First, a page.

The resurgence of Covid-19 in Europe and the United States and the fear of a similar surge in infections during the months of winter have fuelled the demand for booster Covid vaccines in India. In a desperate attempt to contain the surge, many countries in Europe have gone into lockdown and have also launched massive vaccine booster programmes. The US too has allowed all adults above 18 years to get a booster shot. These developments have prompted public health experts, researchers, private hospitals and political leaders here to demand a booster dose in India, at least for the most vulnerable and healthcare workers, who were the first to get vaccinated. While there are genuine concerns over the risk of an outbreak of Covid-19 again, the fact also remains that the private health sector has its own reasons for demanding booster doses. Due to the differential vaccine pricing strategy of the Government of India (GoI), many private hospitals are struggling to clear their unused stocks of Covid vaccines. The Covid vaccines are administered free of cost at all government healthcare facilities while private hospitals have been allowed to charge up to Rs 780 for Covishield and Rs 1,400 for Covaxin. As a result, the private health sector is struggling to clear the piling stock of vaccines and need a booster dose programme to offload the unused stock.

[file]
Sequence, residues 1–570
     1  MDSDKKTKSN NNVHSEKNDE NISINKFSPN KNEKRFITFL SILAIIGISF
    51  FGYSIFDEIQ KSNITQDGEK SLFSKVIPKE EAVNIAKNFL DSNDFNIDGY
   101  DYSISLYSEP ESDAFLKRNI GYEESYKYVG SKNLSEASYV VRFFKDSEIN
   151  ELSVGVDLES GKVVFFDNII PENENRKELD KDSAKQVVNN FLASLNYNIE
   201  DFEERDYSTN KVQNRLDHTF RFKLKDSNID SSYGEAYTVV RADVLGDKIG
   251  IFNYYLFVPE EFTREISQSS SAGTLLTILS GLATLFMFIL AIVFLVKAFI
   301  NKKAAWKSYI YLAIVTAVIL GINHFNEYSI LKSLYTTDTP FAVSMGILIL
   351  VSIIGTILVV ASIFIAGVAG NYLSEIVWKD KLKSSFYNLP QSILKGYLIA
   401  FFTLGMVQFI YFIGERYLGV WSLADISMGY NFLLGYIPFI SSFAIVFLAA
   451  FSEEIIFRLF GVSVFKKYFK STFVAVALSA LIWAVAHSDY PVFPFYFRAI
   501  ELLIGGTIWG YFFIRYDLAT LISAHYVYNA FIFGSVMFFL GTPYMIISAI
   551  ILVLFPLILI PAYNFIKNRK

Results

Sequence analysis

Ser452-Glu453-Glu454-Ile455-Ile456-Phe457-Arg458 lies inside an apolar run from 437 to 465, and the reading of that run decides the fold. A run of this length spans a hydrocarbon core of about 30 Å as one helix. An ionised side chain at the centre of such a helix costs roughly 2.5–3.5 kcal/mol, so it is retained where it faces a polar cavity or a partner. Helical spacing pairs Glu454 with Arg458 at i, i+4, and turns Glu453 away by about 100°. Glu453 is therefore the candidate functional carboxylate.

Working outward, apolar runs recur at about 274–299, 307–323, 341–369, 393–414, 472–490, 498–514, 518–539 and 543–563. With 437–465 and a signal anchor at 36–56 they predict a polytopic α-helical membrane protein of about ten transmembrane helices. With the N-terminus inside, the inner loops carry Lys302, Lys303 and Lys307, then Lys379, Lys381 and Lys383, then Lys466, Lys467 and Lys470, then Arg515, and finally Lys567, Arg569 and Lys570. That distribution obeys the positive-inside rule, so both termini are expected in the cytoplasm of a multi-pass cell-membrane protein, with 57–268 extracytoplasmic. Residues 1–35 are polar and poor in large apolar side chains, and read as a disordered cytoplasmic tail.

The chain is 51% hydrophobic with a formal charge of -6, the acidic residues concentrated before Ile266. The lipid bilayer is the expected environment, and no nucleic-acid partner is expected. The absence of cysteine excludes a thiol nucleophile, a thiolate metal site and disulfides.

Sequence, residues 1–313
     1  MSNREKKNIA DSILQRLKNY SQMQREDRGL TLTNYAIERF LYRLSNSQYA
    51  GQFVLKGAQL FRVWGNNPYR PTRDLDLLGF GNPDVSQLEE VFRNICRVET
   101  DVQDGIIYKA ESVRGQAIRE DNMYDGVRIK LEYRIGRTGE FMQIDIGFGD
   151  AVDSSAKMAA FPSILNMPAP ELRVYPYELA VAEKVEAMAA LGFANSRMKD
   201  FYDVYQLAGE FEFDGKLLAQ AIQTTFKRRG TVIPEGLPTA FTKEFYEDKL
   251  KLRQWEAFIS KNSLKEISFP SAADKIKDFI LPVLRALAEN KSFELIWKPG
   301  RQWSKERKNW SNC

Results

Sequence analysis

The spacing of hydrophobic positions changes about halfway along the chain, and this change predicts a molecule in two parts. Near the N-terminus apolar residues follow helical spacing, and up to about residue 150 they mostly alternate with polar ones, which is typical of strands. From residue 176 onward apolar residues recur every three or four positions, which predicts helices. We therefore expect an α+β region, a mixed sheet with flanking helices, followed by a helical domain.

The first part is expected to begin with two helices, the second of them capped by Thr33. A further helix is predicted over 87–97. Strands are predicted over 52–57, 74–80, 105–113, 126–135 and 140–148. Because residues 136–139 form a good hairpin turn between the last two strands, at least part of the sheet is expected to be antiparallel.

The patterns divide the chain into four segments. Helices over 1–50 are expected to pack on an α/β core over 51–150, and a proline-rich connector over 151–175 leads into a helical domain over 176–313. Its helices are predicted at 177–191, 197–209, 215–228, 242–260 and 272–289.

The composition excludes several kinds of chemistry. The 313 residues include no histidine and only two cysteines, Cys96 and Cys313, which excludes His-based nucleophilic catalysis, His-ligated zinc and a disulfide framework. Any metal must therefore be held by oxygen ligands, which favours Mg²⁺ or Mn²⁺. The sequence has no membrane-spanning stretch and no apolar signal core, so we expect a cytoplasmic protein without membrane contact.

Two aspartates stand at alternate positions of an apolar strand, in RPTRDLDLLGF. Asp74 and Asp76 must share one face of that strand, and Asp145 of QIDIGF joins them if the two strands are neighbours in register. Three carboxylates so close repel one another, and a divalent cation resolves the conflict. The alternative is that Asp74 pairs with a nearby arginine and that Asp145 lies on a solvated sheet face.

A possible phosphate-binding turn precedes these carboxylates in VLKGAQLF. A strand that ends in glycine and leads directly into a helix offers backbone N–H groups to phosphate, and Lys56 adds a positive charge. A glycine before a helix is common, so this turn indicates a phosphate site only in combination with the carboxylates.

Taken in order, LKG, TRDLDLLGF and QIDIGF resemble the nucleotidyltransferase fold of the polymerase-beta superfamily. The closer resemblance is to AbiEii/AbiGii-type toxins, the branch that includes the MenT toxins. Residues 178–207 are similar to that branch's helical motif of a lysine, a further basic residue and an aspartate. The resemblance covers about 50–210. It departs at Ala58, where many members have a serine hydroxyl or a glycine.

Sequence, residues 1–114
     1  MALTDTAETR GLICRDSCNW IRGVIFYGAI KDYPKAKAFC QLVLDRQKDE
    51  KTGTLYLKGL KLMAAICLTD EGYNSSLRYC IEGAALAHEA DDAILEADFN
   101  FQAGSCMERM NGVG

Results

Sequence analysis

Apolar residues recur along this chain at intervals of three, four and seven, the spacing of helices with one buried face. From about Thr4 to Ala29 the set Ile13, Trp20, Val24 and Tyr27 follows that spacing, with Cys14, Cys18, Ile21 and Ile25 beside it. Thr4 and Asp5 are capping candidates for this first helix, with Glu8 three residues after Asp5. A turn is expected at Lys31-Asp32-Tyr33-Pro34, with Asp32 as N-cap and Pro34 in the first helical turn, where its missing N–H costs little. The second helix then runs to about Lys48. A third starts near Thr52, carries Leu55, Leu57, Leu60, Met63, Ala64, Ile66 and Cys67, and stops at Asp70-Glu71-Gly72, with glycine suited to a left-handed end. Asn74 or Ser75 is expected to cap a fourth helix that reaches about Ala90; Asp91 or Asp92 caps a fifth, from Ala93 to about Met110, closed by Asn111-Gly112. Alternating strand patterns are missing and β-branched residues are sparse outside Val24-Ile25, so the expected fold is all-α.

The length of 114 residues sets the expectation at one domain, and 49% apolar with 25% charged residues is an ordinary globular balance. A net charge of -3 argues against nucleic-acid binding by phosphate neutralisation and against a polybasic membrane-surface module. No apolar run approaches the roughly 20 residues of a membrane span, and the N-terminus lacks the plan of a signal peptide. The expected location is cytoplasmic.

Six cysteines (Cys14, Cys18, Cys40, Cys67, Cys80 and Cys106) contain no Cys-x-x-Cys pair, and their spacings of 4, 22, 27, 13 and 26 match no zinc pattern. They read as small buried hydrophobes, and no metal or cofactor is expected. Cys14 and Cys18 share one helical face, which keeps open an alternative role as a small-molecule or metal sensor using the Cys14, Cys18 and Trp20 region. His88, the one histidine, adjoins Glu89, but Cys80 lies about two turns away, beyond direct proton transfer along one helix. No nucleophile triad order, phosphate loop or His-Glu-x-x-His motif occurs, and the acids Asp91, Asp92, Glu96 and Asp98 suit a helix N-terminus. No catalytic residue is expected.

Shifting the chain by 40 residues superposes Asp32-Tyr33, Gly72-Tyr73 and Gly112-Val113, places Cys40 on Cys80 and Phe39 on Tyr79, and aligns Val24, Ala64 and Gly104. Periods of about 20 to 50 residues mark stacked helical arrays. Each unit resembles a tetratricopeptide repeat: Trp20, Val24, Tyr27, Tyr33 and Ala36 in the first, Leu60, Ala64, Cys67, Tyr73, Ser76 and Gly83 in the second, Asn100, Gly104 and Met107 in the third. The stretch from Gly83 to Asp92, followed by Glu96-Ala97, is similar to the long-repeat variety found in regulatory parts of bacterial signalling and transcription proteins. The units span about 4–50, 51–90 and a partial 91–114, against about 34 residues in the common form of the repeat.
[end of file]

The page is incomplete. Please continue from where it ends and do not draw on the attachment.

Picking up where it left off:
While the World Health Organization (WHO) recently observed that people with weaker immunity can get a booster dose, the GoI on its part has adopted a wait and watch policy and has rightfully decided to first focus on vaccinating the eligible adult population. At present, only 80% of the eligible population in India has received the first dose of Covid vaccine and only 43% are fully vaccinated. There are over 12 crore individuals in India and nearly 1.5 crore in Telangana who are overdue for their second dose. Fewer fully vaccinated individuals translate to higher chances of emergence of new variants of SARS-CoV-2. Realising this, the States have launched special second dose vaccination campaigns, including ‘Har Ghar Dastak’, the house-to-house Covid vaccination drive by the GoI. In a country with just 30% of eligible persons fully vaccinated, even thinking about a booster dose seems a luxury. Unlike scientific studies in the West that clearly link waning immunity levels among fully vaccinated individuals, there are no similar Indian population-specific studies that indicate a drop in immunity. The fact also remains that ICMR sero-surveillance studies have indicated that a large section of the population in India, especially in cities, have acquired natural immunity for the Delta variant. The hybrid immunity, a combination of immunity acquired naturally and gained from vaccines, might have bought some more time and stronger immunity to the Indian population. Given these circumstances, it may appear prudent to first focus on completing administration of the second dose to the adult population. At least, for the next two to three months!
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